i was 21 years old and living out of my car when i found out i was
pregnant. my boyfriend of almost six years and i had decided that we
wanted to be hobos and sold all our things and run off six months
before. we spent a lot of time crashing at his mother’s house between
random trips to festivals or nowhere in particular. i hadn’t had a
period for three or four months, but i really wasn’t worried until the
very end because i’ve always had really crazy irregular cycles. i
started to notice i was sick when my boyfriend made a giant pot of
zupa toscana with way too much sausage and it was so greasy. we ate it
for dinner three days in a row and every day it made me a little
sicker. i called planned parenthood but when i told the lady on the
phone that i wasn’t having periods but i kept getting negative
pregnancy tests, she told me they couldn’t do anything for me unless i
hadn’t had sex in a certain number of weeks. i didn’t understand, but
i have really terrible phone anxiety so i just gave up.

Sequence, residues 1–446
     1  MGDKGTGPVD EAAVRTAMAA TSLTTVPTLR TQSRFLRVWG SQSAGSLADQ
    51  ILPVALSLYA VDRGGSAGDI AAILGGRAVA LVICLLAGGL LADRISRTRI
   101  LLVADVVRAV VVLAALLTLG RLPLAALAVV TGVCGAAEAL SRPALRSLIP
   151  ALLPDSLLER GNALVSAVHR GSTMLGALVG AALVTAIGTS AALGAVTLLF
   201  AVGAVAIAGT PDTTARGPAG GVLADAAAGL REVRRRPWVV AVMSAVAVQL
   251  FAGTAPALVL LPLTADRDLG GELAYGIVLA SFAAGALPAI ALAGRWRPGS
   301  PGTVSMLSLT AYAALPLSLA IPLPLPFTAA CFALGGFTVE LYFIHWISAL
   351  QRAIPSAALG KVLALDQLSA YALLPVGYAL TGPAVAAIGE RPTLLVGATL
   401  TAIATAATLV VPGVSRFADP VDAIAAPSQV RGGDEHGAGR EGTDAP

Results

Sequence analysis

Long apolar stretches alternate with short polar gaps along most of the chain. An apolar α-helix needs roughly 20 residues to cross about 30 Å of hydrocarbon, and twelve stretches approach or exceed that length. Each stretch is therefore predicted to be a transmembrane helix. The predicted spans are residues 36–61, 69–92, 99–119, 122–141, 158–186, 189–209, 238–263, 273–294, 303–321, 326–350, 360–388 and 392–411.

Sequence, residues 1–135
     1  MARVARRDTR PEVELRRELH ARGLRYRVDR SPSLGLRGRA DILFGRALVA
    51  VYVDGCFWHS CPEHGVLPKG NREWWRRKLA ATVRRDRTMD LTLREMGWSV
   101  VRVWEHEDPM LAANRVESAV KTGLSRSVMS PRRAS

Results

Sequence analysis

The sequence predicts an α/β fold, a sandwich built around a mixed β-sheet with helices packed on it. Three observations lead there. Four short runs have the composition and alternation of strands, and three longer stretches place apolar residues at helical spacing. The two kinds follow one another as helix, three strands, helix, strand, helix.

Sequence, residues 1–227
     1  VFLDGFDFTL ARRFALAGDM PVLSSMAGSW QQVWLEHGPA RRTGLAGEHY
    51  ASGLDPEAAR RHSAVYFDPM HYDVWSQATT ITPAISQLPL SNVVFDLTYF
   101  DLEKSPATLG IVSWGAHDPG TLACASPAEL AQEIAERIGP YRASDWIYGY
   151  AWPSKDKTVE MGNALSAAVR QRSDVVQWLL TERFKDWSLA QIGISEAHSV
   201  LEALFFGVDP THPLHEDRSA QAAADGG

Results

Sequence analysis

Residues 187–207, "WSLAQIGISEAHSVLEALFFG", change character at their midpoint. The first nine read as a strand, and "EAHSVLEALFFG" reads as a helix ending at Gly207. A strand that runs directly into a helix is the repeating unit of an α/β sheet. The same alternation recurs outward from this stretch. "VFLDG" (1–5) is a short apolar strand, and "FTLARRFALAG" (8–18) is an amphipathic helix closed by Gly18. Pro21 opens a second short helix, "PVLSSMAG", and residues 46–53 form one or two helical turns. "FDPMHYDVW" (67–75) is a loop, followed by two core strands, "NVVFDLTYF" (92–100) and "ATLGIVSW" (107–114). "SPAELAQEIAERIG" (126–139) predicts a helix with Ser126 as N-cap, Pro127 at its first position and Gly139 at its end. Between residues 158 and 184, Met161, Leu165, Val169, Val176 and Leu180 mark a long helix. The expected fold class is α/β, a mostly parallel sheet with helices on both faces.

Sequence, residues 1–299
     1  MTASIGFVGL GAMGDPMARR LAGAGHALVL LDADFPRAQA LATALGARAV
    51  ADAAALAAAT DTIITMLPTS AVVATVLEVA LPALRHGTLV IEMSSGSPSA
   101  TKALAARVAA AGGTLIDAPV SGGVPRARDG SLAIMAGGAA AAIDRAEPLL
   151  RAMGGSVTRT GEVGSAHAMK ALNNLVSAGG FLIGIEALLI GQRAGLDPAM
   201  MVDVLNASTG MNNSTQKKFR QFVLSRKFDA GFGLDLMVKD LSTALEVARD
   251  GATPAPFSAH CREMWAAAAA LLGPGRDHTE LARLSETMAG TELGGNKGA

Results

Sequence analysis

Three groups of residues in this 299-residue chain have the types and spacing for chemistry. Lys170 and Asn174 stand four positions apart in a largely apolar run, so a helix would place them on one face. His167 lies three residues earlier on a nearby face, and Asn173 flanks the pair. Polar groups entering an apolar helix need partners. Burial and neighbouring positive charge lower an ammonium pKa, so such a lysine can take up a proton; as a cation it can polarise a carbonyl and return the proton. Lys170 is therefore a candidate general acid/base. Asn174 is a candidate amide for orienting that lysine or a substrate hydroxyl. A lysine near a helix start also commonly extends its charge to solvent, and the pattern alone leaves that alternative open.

Read More

"Up until this very point, I was completely against the idea of abortion for anyone. I had the “it sucks to be you” mentality that many Christians have when it comes to things like this. The second I heard that it was positive, everything changed."


To start off, I am not a writer, please don’t judge me based on my writing abilities.

I understand why people are freaking out. I get it. Hell, that used to be me about two years ago. I was a bible-thumping goody-two-shoes bitch who hadn’t experienced a single drop of reality. Now, however, I’m…

(Source: )

"My husband and I made a choice; we would have a CVS (chorionic villus sampling) test done, and if the results were positive, we would terminate the pregnancy"

When we found out that the embryo we’d just created stood a 25% chance of being born with cystic fibrosis, my husband and I made a choice; we would have a CVS (chorionic villus sampling) test done, and if the results were positive, we would terminate the pregnancy.